UI greek life pushes for sustainability

Members of various fraternities and sororities have taken action to address waste and push for sustainability in their chapters and the community as a whole.


Sid Peterson

The Delta Zeta Sorority house is seen on South Dodge Street on Wednesday, Sept. 12, 2018.

Caleb McCullough, News Reporter

Fraternities and sororities across the University of Iowa campus are making an effort to reduce waste and be more sustainable.

UI junior Noel Mills of Delta Zeta has been at the forefront of these efforts, beginning by implementing recycling in her chapter’s house in the spring of 2017.

When she lived in the Delta Zeta house in 2016, she saw how much waste the sorority produced. It was an unavoidable part of sorority life, she said, but she believed that there was a better way to do it things.

“I wanted to channel my passion for sustainability into something,” Mills said.

There was recycling in the kitchen in her house, but there was no place for the sorority members to recycle personal items, she said.

As a member of UISG, Mills was aware of the Green Initiative Fund, which the organization has set up to aid student groups in sustainability efforts. Using the fund, Mills was able to purchase small recycling bins and place them around the sorority house.

In addition to recycling, Mills was able to begin composting in her chapter house as well. As multifamily households, sorority and fraternity houses are not eligible for public composting services, so Mills used Compost Ninja, a private contractor. The company gives a discounted rate to greek organizations that want to begin composting.

Capitalizing on the success of these efforts, Mills started the Greek Sustainability Council, with representatives from every chapter on campus, Mills said. The members brainstormed ideas to make greek organizations and the community as a whole more sustainable.

One member of the council, senior Aji Olayemi of Phi Kappa Theta, had a lot of success in working sustainability into a philanthropy event, Flapjacks with Phi Kaps, last spring.

“We were trying to do a 100 percent compostable event with zero waste,” Olayemi said.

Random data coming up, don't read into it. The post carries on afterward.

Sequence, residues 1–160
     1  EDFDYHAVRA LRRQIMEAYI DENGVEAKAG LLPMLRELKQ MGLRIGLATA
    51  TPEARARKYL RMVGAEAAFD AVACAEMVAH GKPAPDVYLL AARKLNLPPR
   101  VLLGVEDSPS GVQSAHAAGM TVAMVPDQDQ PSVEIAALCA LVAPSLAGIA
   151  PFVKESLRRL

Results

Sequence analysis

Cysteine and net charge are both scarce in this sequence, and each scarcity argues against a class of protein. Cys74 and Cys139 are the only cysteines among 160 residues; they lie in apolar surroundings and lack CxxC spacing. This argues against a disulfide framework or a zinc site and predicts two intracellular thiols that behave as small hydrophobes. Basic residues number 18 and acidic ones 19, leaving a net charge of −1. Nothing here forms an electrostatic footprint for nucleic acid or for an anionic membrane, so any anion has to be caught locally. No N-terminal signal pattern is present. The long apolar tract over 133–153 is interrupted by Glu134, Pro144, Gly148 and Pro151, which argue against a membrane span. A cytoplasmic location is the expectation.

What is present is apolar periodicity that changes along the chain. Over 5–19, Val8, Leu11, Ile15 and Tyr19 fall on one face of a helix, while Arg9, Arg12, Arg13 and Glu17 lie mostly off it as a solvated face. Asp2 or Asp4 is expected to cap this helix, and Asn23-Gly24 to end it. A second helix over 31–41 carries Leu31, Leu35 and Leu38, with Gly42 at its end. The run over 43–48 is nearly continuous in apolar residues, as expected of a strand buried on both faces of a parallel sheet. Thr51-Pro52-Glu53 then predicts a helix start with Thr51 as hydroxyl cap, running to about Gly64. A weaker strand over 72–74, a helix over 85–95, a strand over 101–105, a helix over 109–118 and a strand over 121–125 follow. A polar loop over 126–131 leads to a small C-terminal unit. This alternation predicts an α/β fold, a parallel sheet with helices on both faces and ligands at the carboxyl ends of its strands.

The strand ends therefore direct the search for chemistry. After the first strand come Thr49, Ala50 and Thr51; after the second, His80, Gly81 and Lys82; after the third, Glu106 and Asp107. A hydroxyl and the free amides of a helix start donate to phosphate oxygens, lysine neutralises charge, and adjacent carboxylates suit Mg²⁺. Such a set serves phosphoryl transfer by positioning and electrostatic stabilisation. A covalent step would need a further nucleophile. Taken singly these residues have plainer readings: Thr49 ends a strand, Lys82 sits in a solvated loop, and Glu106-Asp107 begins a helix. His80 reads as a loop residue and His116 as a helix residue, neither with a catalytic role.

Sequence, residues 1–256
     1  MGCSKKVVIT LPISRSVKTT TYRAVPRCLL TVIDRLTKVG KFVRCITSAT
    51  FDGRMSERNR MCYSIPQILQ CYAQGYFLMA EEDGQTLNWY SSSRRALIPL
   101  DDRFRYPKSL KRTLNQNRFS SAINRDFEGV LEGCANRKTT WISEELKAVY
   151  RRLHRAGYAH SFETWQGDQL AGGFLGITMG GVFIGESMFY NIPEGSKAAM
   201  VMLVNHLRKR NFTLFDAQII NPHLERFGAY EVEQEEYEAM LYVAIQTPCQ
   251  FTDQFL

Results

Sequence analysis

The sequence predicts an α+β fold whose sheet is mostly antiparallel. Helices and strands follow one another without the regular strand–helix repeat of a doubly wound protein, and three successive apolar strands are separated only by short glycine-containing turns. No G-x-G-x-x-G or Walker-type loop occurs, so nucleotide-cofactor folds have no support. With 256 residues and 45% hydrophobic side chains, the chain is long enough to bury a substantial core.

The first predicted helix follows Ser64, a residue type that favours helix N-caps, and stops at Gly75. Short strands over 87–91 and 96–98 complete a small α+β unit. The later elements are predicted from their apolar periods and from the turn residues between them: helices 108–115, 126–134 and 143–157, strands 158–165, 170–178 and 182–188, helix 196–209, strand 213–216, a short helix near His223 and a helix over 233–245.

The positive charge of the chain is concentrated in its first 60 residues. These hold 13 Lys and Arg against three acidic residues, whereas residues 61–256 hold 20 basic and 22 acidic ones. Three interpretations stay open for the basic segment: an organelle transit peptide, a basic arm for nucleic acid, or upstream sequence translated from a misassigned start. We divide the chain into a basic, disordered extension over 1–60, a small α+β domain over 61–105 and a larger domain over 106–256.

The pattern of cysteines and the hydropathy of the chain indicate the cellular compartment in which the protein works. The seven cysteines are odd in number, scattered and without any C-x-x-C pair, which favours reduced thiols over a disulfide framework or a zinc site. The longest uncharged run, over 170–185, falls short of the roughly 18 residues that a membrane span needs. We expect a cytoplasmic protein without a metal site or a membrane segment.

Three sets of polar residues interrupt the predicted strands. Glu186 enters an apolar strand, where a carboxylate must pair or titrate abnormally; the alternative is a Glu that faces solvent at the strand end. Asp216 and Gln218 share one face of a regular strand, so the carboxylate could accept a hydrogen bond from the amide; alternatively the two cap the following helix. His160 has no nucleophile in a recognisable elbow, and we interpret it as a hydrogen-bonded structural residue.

Nearly all the items used at the event were compostable or recyclable, he said. The only items not recyclable were the plastic table covers.

Mills stressed the importance of people in the individual chapters taking charge to make effective change.

“To make sustainability changes, you can’t be on the outside telling people what to do from the top,” she said. “The biggest success stories I have identified started with one person who was really passionate.”

Among those success stories is Jessica Oliver of Alpha Delta Pi. Oliver helped establish a sustainability chair in her chapter to address sustainability issues, and she is working to get recycling implemented in her chapter.

In addition, she said, she wants to make a five-year action plan to address how her chapter can be more sustainable. Some ideas include installing low-flow toilets and motion-activated lights and choosing environmentally friendly paint, she said.

Oliver believes that focusing energy on sustainability in greek organizations can make a big difference.

“There are so many people in greek life, and one person can make a big impact, so just imagine a chapter of 200 and how big an impact they can have,” she said.

In the future, Mills hopes to see a greater commitment to sustainability among fraternities and sororities.

“In the ideal world, every single [fraternity/sorority] philanthropy event would be zero-waste,” she said. “It’s not as hard as people think.”